JBE makes the following arguments in its Opposition. JBE’s president, Jesus Jimenez, declares that the particular list of harms was a matter of negotiation and or particular importance to JBE. (Jimenez Decl. ¶ 4.) JBE thus argues that that the lease’s list of foreseeable harms from renovation, including harms that have been crossed out, indicates that the lease’s waiver of liability does not extend to harms beyond the list. (Opposition at p. 5.) Because JBE suffered harms from the renovations due to flooding and interruptions of water service, which are not listed in the lease waiver, the waiver is no barrier to claims for damages from those harms. (Opposition at pp. 5–6; Jimenez Decl. ¶ 8.)
These arguments do not apply to the lease addendum executed in August 2015, but JBE argues that the release in that agreement applies only, by its own terms, to claims arising “from the beginning of time to the Effective Date,” defined as August 4, 2015. (Opposition at p. 5.) Thus no judgment can be granted against claims arising after the execution of the agreement, which, according to JBE, included additional flooding and water cut-offs. (Jimenez Decl. ¶¶ 11–12.) JBE finally argues that the addendum’s release was entered into based on the mistaken belief that construction would cease within three months of its execution, and that extending the release beyond that time would not comport with the reasonable expectations of the parties. (Opposition at pp. 6–7.)
Exculpatory clauses are ‘strictly construed against the person relying upon them.” (Frittelli, Inc., supra, 202 Cal.App.4th at p. 44.) Additionally, where a conflict of extrinsic evidence exists as to the parties’ intentions with respect to a contract, such conflict “must be resolved in the trial court, as with any question of fact, before the court can declare the meaning of the contract as a matter of law.” (Wolf v. Superior Court (2004) 114 Cal.App.4th 1343, 1359.)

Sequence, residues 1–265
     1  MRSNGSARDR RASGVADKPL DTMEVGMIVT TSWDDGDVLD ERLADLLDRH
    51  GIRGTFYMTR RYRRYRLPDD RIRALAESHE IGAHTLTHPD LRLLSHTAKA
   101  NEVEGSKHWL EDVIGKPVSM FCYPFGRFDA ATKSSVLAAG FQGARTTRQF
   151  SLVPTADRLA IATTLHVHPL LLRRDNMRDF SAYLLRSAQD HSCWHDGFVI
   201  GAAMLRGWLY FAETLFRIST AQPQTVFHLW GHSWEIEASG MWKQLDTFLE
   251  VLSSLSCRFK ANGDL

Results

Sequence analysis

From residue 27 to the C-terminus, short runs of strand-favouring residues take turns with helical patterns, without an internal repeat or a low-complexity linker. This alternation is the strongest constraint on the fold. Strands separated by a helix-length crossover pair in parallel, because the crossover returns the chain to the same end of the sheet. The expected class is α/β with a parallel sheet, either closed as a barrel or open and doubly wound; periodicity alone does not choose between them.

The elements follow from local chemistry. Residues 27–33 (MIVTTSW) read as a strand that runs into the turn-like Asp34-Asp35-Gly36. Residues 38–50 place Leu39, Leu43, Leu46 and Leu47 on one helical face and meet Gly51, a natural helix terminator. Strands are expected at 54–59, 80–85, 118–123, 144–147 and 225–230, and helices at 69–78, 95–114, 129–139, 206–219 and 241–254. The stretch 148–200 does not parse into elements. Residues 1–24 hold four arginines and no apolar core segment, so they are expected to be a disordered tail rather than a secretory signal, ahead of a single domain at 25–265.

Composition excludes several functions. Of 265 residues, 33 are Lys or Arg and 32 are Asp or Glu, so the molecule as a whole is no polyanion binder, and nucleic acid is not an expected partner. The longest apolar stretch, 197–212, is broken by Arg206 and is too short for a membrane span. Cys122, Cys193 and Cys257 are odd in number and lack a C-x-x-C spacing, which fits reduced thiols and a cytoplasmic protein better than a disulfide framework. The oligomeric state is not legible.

The above authority and JBE’s evidence persuade the Court that triable issues of fact exist as to the parties’ intentions with regard to the waiver of claims arising from renovations and construction in the original lease. This is because the lease itself lists a number of harms that are foreseeable from renovations, but some of these harms are struck through, as though specifically excluded. (Byrne Decl. Exh. B ¶ 9.) Jesus Jimenez declares that JBE negotiated for these exclusions, particularly the cutting off of utilities, because JBE could not legally operate its business without access to utilities. (Jimenez Decl. ¶ 4.) Thus, although this clause contains a broad waiver of “any and all claims that TENANT may have against LANDLORD arising from any such construction work,” a triable issue of fact exists as to whether “such construction work” included work causing harm beyond those listed.
Triable issues also prevent granting summary judgment based on the lease addendum. Although JBE’s mistaken belief that the construction would not continue beyond three months after execution of the agreement would form no basis for altering the contract — mistakes of fact must be as to “a fact past or present,” not future (Civ. Code § 1577) — the agreement is not clear whether it extends toall claims arising from the construction, including those post-dating the agreement, or only to those preceding it, “from the beginning of time to the Effective Date” of August 4, 2015. (Byrne Decl. Exh. D.) The Court cannot conclude as a matter of law that all of JBE’s claims fall within this release, particularly when JBE has presented evidence of substantial harms post-dating the execution of the agreement. (Jimenez Decl. ¶ 11.)
Defendants’ Motion for Summary Judgment is therefore DENIED.
Defendant to provide notice.
DATED: January 7, 2019 ________________________________
Hon. Robert S. Draper
Judge of the Superior Court